Should Obama Visit Hiroshima?

At the upcoming G-7 meeting in Japan, President Obama will have a chance to pay his respects to the Hiroshima victims of the first U.S. nuclear bomb, but he’ll get criticized by political enemies, says ex-CIA analyst Paul R. Pillar.

By Paul R. Pillar

Secretary of State John Kerry’s visit to Hiroshima, as part of a trip in which he met with other G-7 foreign ministers in preparation for a summit meeting later this spring, has raised the prospect of President Obama becoming the first sitting U.S. president to visit the same site when he is in Japan for the summit meeting itself. It is easy to anticipate some of the reaction from Mr. Obama’s political opponents in the United States if he does make the visit. He should visit anyway.

Secretary Kerry’s gesture was not unilateral; the visit was a group gesture involving the other G-7 foreign ministers as well. Several other things it was not. It was not an apology, and Kerry certainly did not say anything to suggest that it was. Nor was it a statement about the ethical and strategic issues concerning the use of atomic bombs against Japan, issues that have been debated at length in the ensuing seven decades.

The mushroom cloud from the atomic bomb dropped on Hiroshima, Japan, on Aug. 6, 1945.

The mushroom cloud from the atomic bomb dropped on Hiroshima, Japan, on Aug. 6, 1945.

It is good that those debates have been waged; the questions involved are important and the answers to the questions are not self-evident. But nothing about the ceremony at Hiroshima or anything the Secretary of State said there implied any conclusions regarding those issues.

One could say that the wreath-laying was in one respect an expression of regret about the overall ghastliness that was World War II, in which some 50 million people perished worldwide and of which the atomic bombing of Hiroshima and Nagasaki was the fiery conclusion. But one can express such sentiment without saying or implying anything about where blame for the war should be placed, or about which actions during the war were most reprehensible.

For a sitting U.S. president to pay respects to the war dead of a former adversary is not unprecedented. One thinks of President Reagan’s visit to the military cemetery at Bitburg, Germany in 1985. That visit become controversial when it became known that the cemetery, in which only German soldiers from World War II and not allied ones are buried, contains the remains of some members of the Waffen-SS. Nothing like that issue arises at Hiroshima, where the overwhelming majority of the dead were not even soldiers but instead civilians.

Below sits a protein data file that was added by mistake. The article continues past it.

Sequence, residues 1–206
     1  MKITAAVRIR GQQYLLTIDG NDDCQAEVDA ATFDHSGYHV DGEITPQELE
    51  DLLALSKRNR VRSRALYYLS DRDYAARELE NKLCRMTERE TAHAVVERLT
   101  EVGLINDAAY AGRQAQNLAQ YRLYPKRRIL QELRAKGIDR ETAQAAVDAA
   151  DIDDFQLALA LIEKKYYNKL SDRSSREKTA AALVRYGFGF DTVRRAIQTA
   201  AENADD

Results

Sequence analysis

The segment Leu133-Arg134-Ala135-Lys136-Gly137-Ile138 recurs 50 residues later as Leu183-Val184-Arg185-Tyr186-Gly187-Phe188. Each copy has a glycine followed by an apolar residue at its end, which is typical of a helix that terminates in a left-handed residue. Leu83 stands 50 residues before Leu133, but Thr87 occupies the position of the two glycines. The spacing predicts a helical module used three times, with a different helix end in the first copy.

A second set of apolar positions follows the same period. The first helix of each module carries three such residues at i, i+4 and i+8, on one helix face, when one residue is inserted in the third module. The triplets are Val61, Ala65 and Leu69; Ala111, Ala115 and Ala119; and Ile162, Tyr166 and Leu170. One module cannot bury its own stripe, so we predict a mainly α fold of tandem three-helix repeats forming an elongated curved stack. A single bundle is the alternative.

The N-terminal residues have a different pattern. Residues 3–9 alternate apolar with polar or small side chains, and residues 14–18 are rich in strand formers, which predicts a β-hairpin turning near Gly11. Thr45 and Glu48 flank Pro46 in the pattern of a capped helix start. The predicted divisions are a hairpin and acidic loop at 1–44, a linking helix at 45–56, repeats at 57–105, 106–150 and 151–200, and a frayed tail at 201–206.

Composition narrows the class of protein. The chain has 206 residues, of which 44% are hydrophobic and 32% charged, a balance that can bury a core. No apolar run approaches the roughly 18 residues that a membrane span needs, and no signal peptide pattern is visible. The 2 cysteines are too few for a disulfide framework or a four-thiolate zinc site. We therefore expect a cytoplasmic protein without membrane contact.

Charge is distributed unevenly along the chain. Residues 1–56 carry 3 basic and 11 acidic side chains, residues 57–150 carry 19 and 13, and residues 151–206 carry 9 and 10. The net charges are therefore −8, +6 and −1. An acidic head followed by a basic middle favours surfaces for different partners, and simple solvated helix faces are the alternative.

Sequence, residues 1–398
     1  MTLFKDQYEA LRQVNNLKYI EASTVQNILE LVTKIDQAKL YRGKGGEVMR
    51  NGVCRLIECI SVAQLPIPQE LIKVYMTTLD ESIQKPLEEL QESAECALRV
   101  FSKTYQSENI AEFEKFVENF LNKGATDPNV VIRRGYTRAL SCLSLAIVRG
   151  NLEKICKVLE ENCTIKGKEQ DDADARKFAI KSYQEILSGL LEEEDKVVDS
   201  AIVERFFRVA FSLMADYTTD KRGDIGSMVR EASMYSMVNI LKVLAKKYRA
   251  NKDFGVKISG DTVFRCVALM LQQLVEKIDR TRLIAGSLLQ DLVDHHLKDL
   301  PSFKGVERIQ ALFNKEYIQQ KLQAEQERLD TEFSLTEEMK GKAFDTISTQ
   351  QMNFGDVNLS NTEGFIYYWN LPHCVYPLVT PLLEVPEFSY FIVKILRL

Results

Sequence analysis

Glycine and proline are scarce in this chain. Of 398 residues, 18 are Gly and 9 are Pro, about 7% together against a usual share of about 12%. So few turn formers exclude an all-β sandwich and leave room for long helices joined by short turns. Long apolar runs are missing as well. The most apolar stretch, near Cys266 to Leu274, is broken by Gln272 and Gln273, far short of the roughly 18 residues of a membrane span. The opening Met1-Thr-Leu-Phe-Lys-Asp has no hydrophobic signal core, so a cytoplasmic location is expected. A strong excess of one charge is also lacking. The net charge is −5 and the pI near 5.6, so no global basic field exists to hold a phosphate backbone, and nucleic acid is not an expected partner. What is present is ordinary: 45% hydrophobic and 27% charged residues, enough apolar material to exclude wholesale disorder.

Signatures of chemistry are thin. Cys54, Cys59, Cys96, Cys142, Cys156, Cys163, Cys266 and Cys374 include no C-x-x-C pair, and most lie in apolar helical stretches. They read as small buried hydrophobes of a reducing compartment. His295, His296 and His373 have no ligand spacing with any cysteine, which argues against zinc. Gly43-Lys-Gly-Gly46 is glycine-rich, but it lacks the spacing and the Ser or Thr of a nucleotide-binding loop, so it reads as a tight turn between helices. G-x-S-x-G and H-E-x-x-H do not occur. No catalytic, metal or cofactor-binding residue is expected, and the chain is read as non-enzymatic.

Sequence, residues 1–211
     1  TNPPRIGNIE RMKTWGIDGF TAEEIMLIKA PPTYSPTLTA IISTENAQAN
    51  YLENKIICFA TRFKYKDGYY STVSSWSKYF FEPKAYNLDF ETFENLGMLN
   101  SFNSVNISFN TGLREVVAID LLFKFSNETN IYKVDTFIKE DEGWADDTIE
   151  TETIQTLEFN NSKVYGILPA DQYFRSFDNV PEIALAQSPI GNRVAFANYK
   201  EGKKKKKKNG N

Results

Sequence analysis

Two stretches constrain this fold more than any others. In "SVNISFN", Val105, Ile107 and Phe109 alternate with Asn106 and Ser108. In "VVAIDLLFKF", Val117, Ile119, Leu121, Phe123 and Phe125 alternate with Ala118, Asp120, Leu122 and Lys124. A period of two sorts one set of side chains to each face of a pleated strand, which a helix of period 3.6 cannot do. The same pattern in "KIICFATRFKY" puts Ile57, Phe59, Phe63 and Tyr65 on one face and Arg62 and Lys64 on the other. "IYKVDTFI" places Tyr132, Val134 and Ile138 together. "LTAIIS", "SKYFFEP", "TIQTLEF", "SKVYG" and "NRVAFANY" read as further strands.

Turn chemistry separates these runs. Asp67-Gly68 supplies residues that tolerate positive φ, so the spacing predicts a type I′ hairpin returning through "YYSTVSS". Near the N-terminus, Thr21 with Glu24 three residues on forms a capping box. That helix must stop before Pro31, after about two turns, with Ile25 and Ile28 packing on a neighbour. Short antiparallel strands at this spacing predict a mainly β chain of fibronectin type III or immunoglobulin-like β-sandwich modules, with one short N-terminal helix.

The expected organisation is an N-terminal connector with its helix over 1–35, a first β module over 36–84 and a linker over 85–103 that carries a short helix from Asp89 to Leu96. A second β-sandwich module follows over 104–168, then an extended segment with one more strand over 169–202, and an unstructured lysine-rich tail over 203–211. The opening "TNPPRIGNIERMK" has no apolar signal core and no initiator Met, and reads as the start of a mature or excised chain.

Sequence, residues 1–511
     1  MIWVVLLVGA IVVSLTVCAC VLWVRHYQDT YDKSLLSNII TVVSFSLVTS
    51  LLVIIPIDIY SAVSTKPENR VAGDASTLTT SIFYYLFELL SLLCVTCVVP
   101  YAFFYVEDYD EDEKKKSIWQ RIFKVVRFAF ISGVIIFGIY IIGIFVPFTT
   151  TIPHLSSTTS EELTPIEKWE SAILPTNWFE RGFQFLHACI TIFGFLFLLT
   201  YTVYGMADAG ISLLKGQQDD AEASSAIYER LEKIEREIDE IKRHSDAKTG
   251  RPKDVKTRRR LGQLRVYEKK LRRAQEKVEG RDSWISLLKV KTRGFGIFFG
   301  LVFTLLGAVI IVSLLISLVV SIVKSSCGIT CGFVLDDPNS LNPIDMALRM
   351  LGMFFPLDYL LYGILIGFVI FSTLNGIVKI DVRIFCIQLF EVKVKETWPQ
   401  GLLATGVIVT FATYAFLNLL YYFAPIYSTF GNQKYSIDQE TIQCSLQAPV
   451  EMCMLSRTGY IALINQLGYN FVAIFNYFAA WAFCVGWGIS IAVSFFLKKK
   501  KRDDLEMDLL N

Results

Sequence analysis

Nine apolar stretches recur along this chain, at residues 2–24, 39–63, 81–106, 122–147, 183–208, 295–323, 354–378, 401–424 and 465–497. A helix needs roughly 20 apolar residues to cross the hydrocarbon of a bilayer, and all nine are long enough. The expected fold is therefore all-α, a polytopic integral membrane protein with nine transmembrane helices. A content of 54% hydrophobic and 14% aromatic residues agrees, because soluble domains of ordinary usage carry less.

A presidential visit to Hiroshima surely would be well-received in Japan, one of the staunchest, most important, and least troublesome of U.S. allies. Japan also can be viewed as a model of admirable behavior on the issues of war and peace and nuclear weapons that are raised when thinking about Hiroshima.

Japan has combined its post-World War II pacifist streak with efforts to pull its weight in some multilateral efforts that have involved military force but in which Japan would not be going beyond its self-declared restrictions focused on self-defense. Japan also is a nuclear threshold state that disavows any acquisition of nuclear weapons — a disavowal that the Japanese foreign minister categorically reaffirmed in response to the suggestion from a certain U.S. presidential candidate that Japan and South Korea ought to acquire nukes.

Pleasing the Japanese would not be the main reason, however, that President Obama ought to go to Hiroshima. A presidential visit would partly be another statement about the need to avoid anything even remotely approaching the destruction of World War II. But more specifically it would be a statement about nuclear weapons. That is why Hiroshima is a symbolically important site, even though neither it nor Nagasaki was the scene of the most destructive use of U.S. firepower against Japan in World War II; a single night of firebombing Tokyo on March, 9-10, 1945, probably killed more people.

Visiting Hiroshima would be consistent with reaffirming a commitment to nuclear disarmament, a subject on which Mr. Obama is subject to legitimate criticism that he has not walked the walk as much as he has talked the talk. The commitment is part of the central bargain enshrined in the nuclear nonproliferation treaty, in which existing nuclear weapons states pledged to make a good-faith effort toward complete nuclear disarmament in return for the non-nuclear weapons states not acquiring such weapons. A symbolic visit is of course still more in the nature of talking than walking, but it would be better than the message sent by not visiting.